Friday, July 25, 2008

"I Like Pork" and Camp Cooking

Last night my closest colleague, H, had a going away party for me. When I expressed my excitement over the country ham biscuits she recalled that one of the first things I said to her was "I like pork." I don't really recall it being one of the first things I said, but I certainly make my love of hog meat clear whenever appropriate!

In addition to those fantastic biscuits, she also made yummy cupcakes. I went through a cupcake obsession phase for awhile (not that long ago really)--and back in January I was in D.C. with H for a conference and spent a few (or maybe it was several) hours traipsing on foot around the city looking for the perfect cupcake shop. I never found it. (And apparently, it opened about a month later, in Georgetown, and was on the front page of the Washington Post Food Section--H brought the paper in for me to see). So "me and my cupcakes" are a bit of a joke now.

I did find an amazing recipe the other night in Taste of Home magazine for Lemon-Basil cupcakes, and plan to make them as soon as I have my new kitchen settled in...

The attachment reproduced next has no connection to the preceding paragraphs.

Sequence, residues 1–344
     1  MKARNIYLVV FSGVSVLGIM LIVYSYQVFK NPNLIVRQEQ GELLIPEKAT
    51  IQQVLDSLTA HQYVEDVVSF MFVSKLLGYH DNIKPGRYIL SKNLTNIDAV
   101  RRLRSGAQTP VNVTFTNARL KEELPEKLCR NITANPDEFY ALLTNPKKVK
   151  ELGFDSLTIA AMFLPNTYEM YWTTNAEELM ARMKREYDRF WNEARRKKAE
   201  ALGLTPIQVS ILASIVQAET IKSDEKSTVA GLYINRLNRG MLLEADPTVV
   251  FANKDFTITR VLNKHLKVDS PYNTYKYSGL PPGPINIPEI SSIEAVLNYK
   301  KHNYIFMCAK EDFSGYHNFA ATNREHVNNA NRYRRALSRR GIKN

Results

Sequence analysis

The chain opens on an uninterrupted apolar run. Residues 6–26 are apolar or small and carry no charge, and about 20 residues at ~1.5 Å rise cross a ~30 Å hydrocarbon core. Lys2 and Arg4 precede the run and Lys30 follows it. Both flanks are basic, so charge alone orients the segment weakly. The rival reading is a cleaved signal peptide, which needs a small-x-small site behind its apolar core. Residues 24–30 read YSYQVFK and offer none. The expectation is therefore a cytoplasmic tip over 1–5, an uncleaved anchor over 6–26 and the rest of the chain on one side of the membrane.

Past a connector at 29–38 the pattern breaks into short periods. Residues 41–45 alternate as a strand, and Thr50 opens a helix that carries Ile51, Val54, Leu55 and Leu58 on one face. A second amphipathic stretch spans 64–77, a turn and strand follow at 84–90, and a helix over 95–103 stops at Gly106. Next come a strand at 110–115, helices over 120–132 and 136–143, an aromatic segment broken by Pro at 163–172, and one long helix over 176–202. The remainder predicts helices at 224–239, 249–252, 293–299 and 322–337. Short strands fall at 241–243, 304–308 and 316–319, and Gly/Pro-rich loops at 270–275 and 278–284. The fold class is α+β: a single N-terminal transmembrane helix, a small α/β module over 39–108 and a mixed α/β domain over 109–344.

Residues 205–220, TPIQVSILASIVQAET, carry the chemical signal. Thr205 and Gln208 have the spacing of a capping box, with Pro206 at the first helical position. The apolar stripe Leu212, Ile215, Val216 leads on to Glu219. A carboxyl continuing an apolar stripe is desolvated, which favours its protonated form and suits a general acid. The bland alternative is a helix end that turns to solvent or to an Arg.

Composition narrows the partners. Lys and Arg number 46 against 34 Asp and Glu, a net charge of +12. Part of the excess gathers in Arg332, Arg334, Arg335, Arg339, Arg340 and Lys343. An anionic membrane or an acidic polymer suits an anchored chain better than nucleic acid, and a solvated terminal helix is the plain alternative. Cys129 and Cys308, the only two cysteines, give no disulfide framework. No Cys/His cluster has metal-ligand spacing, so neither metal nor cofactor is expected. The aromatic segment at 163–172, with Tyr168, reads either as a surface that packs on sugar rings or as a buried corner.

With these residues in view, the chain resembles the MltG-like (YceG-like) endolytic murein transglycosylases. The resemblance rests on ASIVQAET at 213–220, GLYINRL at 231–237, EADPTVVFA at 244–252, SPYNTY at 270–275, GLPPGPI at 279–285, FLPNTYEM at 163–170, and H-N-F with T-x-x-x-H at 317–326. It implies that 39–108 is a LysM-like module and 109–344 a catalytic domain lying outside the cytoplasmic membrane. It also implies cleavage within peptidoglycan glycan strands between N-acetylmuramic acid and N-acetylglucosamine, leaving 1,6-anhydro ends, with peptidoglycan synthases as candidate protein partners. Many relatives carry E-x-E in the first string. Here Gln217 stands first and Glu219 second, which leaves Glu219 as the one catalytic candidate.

Speaking of my new kitchen and moving and all that, I realize that it may be a little annoying that I'm not posting any new recipes, but this week I haven't been cooking (not since Monday--due to dinner parties/engagements and the such), and despite the great food I've been eating, I'm a little annoyed that I haven't been able to cook...I just don't like being this busy (although I take full responsibility for booking all said engagements)!

BUT, this weekend I will be cooking--but on a Coleman camp stove. My husband and I are headed to a fiddlers' convention (where we will basically stay up all night playing old time music--and I'll call a square dance Saturday night)...SO I plan to make a low-country dish that comes from my husband's family down in coastal South Carolina--it's called Chicken Purlo or Chicken Bog--I'm not sure that I spelled either of those correctly. But check back in on Monday, I should have a picture and hopefully a great recipe that can be made, with relative ease, even in the campground.

Happy weekend!

Thursday, July 24, 2008

More food from friends...

As my husband and I are getting ready to leave ol' Virginie, we have had several requests to come to dinner by friends and colleagues...and I'm not complaining!